If Your Taking Part In The Walkout Today, Here's What You Need To Know

Students across the country are expected to walk out of their classrooms Wednesday morning to protest gun violence. The National School Walkout is scheduled to begin at 10 a.m. in every time zone and last for 17 minutes -- a minute for each life lost in the Parkland school shooting.

If you're a student who's thinking of taking part (or the parent of one), you probably have lots of questions: Can the school retaliate? Will it hurt your chances of college? Can you just stay home for the day?

1. Can my school punish me for taking part?

If you're just participating: Your school can (since students are required to be in school) but many won't as long as the students aren't being disruptive. Remember, students have a First Amendment right to protest, just like anybody else. The landmark Tinker v. Des Moines casepretty much settled that legal question. In it, the Supreme Court ruled students don't "shed their constitutional rights to freedom of speech or expression at the schoolhouse gate."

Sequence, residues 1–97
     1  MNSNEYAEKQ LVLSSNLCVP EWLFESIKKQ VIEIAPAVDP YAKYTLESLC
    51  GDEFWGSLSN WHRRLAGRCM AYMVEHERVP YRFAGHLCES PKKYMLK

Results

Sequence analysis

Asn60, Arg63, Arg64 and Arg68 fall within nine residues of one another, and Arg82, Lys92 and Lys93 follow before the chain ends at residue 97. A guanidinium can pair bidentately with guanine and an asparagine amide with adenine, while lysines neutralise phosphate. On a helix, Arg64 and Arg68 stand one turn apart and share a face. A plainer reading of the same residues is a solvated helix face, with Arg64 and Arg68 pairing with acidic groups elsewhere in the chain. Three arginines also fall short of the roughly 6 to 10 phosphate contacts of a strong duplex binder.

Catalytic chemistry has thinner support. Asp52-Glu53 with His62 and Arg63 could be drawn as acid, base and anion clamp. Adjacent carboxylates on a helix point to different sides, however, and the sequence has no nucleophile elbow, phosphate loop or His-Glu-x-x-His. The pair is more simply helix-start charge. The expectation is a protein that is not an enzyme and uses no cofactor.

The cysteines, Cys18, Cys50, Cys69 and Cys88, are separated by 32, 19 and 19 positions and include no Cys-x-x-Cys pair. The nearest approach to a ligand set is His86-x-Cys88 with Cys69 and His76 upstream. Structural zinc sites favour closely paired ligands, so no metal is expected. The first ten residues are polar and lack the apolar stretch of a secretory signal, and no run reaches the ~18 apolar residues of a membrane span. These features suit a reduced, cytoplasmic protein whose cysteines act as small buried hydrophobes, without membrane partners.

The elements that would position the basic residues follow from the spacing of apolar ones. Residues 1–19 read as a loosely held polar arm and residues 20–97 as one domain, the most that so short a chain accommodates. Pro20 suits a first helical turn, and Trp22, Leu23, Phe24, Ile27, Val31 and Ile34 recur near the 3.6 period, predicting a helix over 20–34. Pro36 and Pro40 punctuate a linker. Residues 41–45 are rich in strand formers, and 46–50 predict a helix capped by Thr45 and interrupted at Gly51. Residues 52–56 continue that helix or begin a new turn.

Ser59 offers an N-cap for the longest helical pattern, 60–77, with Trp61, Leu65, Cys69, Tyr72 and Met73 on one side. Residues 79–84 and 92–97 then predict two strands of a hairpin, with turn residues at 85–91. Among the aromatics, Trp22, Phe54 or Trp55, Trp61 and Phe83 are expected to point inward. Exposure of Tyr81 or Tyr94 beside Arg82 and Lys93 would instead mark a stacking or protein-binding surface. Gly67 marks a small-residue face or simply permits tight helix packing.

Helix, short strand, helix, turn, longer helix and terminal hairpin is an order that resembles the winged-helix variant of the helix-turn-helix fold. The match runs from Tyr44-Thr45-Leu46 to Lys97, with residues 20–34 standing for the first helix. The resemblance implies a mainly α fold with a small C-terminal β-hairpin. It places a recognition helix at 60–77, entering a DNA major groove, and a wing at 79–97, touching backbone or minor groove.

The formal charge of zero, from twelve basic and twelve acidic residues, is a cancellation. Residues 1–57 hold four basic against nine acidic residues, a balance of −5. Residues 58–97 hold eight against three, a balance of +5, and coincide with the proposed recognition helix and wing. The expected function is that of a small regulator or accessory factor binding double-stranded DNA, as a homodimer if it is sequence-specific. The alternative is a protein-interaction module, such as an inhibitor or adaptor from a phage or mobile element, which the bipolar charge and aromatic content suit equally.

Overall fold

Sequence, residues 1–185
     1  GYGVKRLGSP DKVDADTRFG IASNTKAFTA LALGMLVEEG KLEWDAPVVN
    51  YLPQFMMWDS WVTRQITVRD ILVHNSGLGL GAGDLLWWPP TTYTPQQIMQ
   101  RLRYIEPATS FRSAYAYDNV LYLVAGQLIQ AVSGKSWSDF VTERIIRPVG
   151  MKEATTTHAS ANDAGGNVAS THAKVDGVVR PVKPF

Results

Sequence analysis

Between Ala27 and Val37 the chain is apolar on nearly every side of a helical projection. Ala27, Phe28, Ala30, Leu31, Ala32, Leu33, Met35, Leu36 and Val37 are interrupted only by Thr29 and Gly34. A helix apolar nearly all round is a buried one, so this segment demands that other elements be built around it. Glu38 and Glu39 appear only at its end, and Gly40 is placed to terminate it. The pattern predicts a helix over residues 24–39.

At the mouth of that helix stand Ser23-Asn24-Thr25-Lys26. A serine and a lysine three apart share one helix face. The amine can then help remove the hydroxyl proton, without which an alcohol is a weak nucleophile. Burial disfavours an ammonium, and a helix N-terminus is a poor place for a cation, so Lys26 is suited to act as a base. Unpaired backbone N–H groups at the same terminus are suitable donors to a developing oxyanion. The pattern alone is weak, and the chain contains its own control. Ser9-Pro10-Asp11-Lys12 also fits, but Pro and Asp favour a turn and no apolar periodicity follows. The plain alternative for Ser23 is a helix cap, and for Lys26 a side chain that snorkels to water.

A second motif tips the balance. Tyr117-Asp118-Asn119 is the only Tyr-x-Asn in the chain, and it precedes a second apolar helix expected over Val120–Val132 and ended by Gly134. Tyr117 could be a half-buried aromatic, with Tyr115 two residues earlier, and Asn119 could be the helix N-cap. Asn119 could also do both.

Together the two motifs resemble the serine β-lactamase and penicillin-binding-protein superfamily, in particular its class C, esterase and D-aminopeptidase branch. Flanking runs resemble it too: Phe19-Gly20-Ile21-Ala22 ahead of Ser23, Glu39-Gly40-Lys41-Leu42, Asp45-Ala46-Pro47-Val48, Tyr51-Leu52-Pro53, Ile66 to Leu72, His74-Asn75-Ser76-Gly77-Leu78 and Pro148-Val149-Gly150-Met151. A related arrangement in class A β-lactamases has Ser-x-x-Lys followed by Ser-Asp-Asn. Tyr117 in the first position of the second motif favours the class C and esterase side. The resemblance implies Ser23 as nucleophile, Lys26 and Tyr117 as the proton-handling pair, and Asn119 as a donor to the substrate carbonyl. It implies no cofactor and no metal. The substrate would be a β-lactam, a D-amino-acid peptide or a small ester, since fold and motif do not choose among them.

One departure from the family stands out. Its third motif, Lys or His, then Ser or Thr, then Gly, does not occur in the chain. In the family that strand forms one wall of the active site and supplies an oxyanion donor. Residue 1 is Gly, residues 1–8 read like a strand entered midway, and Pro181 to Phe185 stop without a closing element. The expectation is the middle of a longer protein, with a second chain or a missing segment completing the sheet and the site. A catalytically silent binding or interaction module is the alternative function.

Some schools could hit students who walk out with an unexcused absence. That could be a bigger problem if a student already has a lot of those and the extra one results in him or her being considered truant.

If the walkout turns disruptive: In that case, schools can stop students from participating. They can also take some punitive measures. But they can't punish students just because the district doesn't like the brand of politics that powers the protests.

2. Can I be arrested?

Generally, students don't have to worry about being arrested -- unless, of course, they start breaking laws, like blocking a street while protesting.

To see the rest of the questions and more advice, click here

Keri Noble in the Morning

Keri Noble in the Morning

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